Legends of Hockey - Spotlight - Dick Duff - The Pinnacle
One on One Treasure Chest Pinnacle

Dick Duff of the Maple Leafs during game action against Terry Sawchuk (#1), Gord Strate (#18) and Red Kelly (#4) of the Detroit Red Wings.
(Imperial Oil-Turofsky/HHOF)
So great was the impact of Foster Hewitt's 'Hockey Night in Canada' radio broadcasts that for any boy growing up in Canada during the 1940s, there was but one goal — to play for the Toronto Maple Leafs.

Dick Duff was no different. A tireless work and fierce competitor, the feisty Duff set his aim on that very feat. He was scouted by the Toronto Maple Leafs and brought to St. Michael's College School in Toronto, where he could secure a Roman Catholic education from the Basilian Fathers but also develop under the watchful eye of Maple Leafs' management, having already been secured with the 'C' Form contract that committed him to the Leafs.

After starring for two seasons with the St. Michael's Majors, the Junior 'A' squad, Duff was hoping to get a shot with the parent NHL team. "I talked to Father Bauer (manager of the Majors and an educator at St. Mike's) one day when I was getting off the subway. The Leafs had talked to him and told him that they wanted me to go practise with them. I said, 'No kidding!' Father Bauer said, 'I think they're looking at signing you.'"

With St. Mike's having just lost the junior playoffs in the spring of 1955, Duff was summoned to join the Maple Leafs. "I was practising with the Leafs and they said, 'Dick, we're going to take you to Montreal.' I was still a junior. In those days, you could play three games as an amateur before they had to sign you to a pro card. So I went to the Montreal Forum and Ralphie Backstrom gave me the wave. (Backstrom was a friend from Kirkland Lake)."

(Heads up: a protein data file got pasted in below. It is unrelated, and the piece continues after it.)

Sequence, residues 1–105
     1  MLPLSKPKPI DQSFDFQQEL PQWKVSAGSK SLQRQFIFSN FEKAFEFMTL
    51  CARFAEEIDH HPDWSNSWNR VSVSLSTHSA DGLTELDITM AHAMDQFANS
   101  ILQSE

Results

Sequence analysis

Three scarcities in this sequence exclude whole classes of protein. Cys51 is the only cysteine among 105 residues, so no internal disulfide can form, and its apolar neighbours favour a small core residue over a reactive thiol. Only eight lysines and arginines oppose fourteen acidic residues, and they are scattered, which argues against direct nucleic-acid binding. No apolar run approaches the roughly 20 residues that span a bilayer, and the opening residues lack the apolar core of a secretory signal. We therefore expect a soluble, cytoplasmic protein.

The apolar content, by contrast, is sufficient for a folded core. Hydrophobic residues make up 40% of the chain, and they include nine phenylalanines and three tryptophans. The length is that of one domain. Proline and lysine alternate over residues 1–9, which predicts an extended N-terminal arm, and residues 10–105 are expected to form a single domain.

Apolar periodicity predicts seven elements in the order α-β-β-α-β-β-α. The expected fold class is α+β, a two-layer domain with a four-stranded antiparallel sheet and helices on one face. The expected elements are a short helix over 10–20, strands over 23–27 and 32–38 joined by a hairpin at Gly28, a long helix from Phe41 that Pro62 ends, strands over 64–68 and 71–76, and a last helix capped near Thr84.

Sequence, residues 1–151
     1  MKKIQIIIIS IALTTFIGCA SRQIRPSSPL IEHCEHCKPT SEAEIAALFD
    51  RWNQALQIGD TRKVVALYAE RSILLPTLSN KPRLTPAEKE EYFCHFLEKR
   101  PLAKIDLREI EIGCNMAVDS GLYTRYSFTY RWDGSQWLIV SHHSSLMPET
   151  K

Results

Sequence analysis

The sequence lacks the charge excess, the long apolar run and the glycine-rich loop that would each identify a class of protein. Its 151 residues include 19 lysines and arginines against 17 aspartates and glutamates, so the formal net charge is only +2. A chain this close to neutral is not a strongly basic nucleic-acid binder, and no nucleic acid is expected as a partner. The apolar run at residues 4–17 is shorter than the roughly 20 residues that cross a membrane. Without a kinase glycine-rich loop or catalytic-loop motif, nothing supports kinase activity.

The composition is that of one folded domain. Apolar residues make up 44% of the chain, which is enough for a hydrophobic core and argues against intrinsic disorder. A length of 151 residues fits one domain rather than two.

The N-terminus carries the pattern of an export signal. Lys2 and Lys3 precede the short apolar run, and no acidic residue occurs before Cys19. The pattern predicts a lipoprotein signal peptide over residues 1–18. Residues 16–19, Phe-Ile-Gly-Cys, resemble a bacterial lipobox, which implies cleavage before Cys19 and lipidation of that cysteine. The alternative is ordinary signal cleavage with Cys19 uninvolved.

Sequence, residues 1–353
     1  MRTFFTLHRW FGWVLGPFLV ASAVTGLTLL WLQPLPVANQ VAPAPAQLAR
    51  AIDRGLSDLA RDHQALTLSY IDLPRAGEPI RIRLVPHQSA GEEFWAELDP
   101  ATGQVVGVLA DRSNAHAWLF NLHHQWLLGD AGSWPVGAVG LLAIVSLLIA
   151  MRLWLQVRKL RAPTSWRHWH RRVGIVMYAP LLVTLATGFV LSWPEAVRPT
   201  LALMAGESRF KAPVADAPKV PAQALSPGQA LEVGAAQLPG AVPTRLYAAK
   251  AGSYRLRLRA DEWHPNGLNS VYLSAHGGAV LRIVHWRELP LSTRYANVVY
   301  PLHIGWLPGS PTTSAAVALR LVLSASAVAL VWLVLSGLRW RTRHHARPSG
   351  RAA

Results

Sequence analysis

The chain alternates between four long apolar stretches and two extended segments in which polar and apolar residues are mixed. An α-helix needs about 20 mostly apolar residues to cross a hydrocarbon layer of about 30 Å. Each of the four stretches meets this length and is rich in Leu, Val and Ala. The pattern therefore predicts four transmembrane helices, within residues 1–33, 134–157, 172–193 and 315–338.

The game ended in a 0-0 deadlock. "Teeder Kennedy was my centreman, and after that game, the Leafs figured, 'I think this guy is going to be able to play here!' They said, 'Dick, we're now going to play in New York.' After that, we went into Detroit for the last game of the season." With the season concluded, the playoff match-up saw Toronto playing the Red Wings in the semi-final, with the series starting at Detroit's Olympia. "(General manager) Hap Day said, 'Dick, we want you to stay with the team. You're not going to be signed but we want you to take everything in.'"

Dick Duff (Front Left) celebrates with his Montreal Canadiens teammates a Stanley Cup championship. (Frank Prazak/HHOF)
The Leafs were intense as they prepared for Game One. "I knew this wasn't going to be any baby game," laughs Dick. "They were talking about Horatio Alger." (The nineteenth century author wrote immensely popular 'rags to riches' stories). "They were getting ready!"

The Leafs were eliminated in four consecutive games by the Red Wings, but the experience fuelled Duff's desire to wear the blue and white of the Maple Leafs. "I saw it all and I was part of it. They were getting me ready to be signed. I still had a year of junior left. But they found out that I could play and that I wanted to play."

And play, he did. Through his Hall of Fame career, Dick Duff was part of six Stanley Cup championships, but getting the chance to play in the National Hockey League is the pinnacle of his remarkable career. "To have made it to the NHL, which was my dream since I was a kid, to go to St. Mike's and to have that experience, and to play for the Toronto Maple Leafs and the Montreal Canadiens — I'm the luckiest guy alive!"

Kevin Shea is the Editor of Publications and On-Line Features at the Hockey Hall of Fame.